"All was calm...."

By Carol Funck, Army Heritage Center FoundationDecember 18, 2009

Winter on the Western Front!
1 / 2 Show Caption + Hide Caption – Winter on the Western Front! Image reflects the "interior of trench in front line showing fire step and a typical trench gate. Ancerviller, Meurthe et Moselle, France. Jan 21st 1919. Photographed by Sgt W. W. Bell." (World War I Miscellaneous Collec... (Photo Credit: U.S. Army) VIEW ORIGINAL
Winter's Blanket Over The Front Lines!
2 / 2 Show Caption + Hide Caption – Winter' s-Decke über den Frontlinien! (Winter's Blanket Over The Front Lines!) This image reflects "Winter scene in the Argone Forest." This was a German negative salvaged by forces assigned to the U. S. 28th Infantry Division. (World War I Miscella... (Photo Credit: U.S. Army) VIEW ORIGINAL

Few things can be understood and shared by all cultures across the globe. The Christmas holiday spirit is one of them. A child-like magic exists, where even the most sensible adults can agree that reality pauses for a moment and the simple things in life take center stage. In the December 1914, the Allied and German forces in the trenches of Europe paused as a common yearning for family, friends, and festivities halted fighting for a moment of camaraderie.

The Aca,!A"Christmas TrucesAca,!A? continued through World War I; the best known being that of 1914. On Christmas Eve 1914, various officers of nine British divisions ventured into Aca,!A"no-mans landAca,!A? where they and their German counterparts agreed on truces averaging around 24 hours. During this time, the Soldiers could go about the trenches with ease and enjoy Christmas Day without the threat of attack. At the end of the agreed amount of time, these particular officers bowed to each other from the parapets and the GermanAca,!a,,cs fired two warning shots. With this, the war continued.

Some Aca,!A"Christmas TrucesAca,!A? during the war were not as official as others, and happened in various forms. Early on one December 26, Allied forces paused during their activities when they heard singing drifting across Aca,!A"no-mans landAca,!A? as Bruce Bairnsfather recorded,

Aca,!A"One of my men turned to me and said: Aca,!EoeYou can Aca,!Eoeear Aca,!Eoeem quite plain, sir!Aca,!a,,c Aca,!EoeHear what'Aca,!a,,c I inquired. Aca,!EoeThe Germans over there, sir; you can Aca,!Eoeear Aca,!Eoeem singingAca,!a,,c and playinAca,!a,,c on a band or somethinAca,!a,,c. I listened; -- away out across the field, among the dark shadows beyond, I could hear the murmur of voices, and an occasional burst of some unintelligible song would come floating out on the frosty air.Aca,!A?

Hearing this, Bairnsfather and his men joined the caroling. This simple act of caroling, inspired the Soldiers to voluntarily enter Aca,!A"no-mans landAca,!A? and greet their enemy. During this time they exchanged supplies, souvenirs, and warm hearted wishes. There is one noted occasion where photos of both Allied and German troops were taken. Bairnsfather remembered that Aca,!A"Suddenly, one of the Boches ran back to his trench and presently reappeared with a large camera. I posed in a mixed group for several photographs, and have ever since wished I had fixed up some arrangement for getting a copy.Aca,!A? Other items exchanged included, cigars, cigarettes, tobaccos, and cans of sardines, meats, and vegetables.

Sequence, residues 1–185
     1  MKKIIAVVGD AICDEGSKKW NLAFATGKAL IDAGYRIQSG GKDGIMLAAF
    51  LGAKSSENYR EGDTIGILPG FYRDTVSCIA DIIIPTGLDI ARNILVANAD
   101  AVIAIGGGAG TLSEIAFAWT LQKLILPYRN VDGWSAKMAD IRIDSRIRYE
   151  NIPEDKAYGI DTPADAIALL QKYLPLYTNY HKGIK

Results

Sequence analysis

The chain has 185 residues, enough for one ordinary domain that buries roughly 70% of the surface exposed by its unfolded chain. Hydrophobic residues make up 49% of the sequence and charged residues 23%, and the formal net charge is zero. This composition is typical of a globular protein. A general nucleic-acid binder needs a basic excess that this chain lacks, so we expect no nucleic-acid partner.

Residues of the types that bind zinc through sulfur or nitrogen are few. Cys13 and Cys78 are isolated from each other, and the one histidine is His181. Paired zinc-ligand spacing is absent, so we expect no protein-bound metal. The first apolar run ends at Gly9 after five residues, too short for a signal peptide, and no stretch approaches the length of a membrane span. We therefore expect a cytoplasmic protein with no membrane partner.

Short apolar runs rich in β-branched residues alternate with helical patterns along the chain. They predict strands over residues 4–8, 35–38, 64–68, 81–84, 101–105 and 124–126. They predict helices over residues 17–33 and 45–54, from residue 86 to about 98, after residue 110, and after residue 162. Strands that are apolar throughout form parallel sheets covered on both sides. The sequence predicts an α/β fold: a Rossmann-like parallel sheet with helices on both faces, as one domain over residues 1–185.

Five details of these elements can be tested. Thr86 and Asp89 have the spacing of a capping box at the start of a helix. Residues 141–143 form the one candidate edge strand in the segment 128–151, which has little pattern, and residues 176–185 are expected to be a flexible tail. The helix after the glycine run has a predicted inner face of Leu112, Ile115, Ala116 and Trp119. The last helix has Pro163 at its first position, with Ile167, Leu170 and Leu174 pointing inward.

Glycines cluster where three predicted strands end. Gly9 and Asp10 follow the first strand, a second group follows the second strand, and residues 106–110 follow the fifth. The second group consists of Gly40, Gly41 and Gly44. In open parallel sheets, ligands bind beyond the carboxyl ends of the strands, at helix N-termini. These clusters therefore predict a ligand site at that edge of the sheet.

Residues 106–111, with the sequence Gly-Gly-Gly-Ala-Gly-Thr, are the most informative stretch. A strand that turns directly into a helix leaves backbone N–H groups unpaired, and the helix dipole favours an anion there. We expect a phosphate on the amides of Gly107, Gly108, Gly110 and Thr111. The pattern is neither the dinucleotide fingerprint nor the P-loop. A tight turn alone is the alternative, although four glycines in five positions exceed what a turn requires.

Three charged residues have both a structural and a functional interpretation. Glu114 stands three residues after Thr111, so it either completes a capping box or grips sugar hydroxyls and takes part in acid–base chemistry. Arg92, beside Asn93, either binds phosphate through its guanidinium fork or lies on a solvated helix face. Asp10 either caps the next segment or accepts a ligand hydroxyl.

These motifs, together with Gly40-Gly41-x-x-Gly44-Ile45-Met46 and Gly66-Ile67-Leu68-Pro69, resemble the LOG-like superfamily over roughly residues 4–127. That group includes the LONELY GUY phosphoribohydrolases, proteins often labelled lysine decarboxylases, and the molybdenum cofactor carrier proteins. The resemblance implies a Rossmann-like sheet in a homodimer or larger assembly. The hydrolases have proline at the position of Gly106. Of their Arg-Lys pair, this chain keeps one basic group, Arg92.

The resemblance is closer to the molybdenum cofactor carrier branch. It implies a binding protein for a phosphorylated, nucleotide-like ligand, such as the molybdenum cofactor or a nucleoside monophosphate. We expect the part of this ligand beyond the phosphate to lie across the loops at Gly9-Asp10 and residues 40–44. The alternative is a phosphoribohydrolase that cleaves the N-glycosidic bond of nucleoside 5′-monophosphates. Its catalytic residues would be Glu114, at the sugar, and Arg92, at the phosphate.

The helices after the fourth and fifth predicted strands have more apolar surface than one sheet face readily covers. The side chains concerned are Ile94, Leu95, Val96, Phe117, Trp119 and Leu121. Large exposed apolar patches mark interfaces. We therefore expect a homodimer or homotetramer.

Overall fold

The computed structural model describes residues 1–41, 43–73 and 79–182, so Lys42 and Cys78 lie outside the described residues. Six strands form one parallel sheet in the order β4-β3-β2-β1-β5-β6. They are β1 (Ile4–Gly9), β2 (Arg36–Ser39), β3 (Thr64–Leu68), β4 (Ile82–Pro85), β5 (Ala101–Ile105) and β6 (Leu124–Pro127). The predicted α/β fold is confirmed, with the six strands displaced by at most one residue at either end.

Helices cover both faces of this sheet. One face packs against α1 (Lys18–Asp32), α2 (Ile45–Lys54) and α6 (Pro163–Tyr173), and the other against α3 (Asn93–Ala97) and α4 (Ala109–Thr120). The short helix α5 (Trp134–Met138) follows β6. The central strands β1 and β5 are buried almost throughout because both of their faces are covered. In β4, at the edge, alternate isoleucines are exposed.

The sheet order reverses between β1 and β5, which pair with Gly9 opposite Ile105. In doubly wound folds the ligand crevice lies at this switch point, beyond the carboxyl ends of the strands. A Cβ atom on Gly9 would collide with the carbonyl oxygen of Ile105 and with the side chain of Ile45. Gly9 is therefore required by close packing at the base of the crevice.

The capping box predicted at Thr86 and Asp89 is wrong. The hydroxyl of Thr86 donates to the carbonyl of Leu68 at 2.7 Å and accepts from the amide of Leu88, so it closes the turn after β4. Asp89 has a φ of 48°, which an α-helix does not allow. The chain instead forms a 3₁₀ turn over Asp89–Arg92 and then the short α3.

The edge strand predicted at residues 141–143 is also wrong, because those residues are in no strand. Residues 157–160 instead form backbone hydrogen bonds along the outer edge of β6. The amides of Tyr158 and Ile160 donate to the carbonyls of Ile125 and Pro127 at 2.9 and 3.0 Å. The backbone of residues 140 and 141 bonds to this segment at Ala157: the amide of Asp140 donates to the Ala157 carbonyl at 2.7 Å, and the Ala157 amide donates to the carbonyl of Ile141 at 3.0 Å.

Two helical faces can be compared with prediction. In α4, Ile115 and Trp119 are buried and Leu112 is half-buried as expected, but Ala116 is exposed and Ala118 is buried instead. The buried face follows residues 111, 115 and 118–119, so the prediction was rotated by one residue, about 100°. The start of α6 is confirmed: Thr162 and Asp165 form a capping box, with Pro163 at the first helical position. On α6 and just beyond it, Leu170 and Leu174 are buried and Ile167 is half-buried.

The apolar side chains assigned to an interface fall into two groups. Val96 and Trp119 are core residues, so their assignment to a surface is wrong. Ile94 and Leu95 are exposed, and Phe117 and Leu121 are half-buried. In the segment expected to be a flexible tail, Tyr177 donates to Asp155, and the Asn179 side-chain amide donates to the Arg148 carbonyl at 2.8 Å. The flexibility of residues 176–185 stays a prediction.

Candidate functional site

Even though most of these truces only lasted a day, many commanding officers were not pleased with spontaneous truces. They sent orders to those commanding field troops to forbid all unofficial truces. Their orders were disobeyed, and the Soldiers in the trenches continued to cease fire on some Holidays.

One German Soldier wrote to a friend on January 3, 1915, Aca,!A"New YearAca,!a,,cs Eve was very queer here. An English officer came across with a white flag and asked for a truce from 11 oAca,!a,,cclock till 3 to bury the dead; just before Christmas there were some fearful enemy attacks here in which the English lost many in killed and prisoners. The truce was granted. It is good not to see the corpses lying out in front of us any more. The truce was moreover extended. The English came out of their trenches into no-manAca,!a,,cs land and exchanged cigarettes, tinned-meat and photographs with our men, and said they didnAca,!a,,ct want to shoot any more. So there is an extraordinary hush, which seems quite uncanny. Our men and theirs are standing up on the parapet above the trenches . . ..Aca,!A?

Overall, these truces did not happen on a regular basis, and as this German Soldier wrote it seemed Aca,!A"uncanny.Aca,!A? These were rare, and welcomed, occurrences for Soldiers from both sides of the trenches, who unlike those stationed in cities and bases, did not have regular mail or more formal festivities.

Each one of the Soldiers in the field during the First World War probably wished they were in any other place for the holidays, except the trenches; but as Bairnsfather wrote:

Aca,!A"I remember a the time being very down on my luck about this, as anything in the nature of Christmas Day festivities was obviously knocked on the head. Now, however, looking back on it all, I wouldnAca,!a,,ct have missed that unique and weird Christmas Day for anything. Aca,!A"

His recollection illustrated that the child-like magic of the Holiday Season had not escaped the Soldiers in the field.

ABOUT THIS STORY: Many of the sources presented in this article are among 400,000 books, 1.7 million photos and 12.5 million manuscripts available for study through the U.S. Army Military History Institute (MHI). The artifacts shown are among nearly 50,000 items of the Army Heritage Museum (AHM) collections. MHI and AHM are part of the: Army Heritage and Education Center, 950 Soldiers Drive, Carlisle, PA, 17013-5021.

Related Links:

A Working Bibliography of MHI Sources: Christmas

Audio/video: "All was calm..."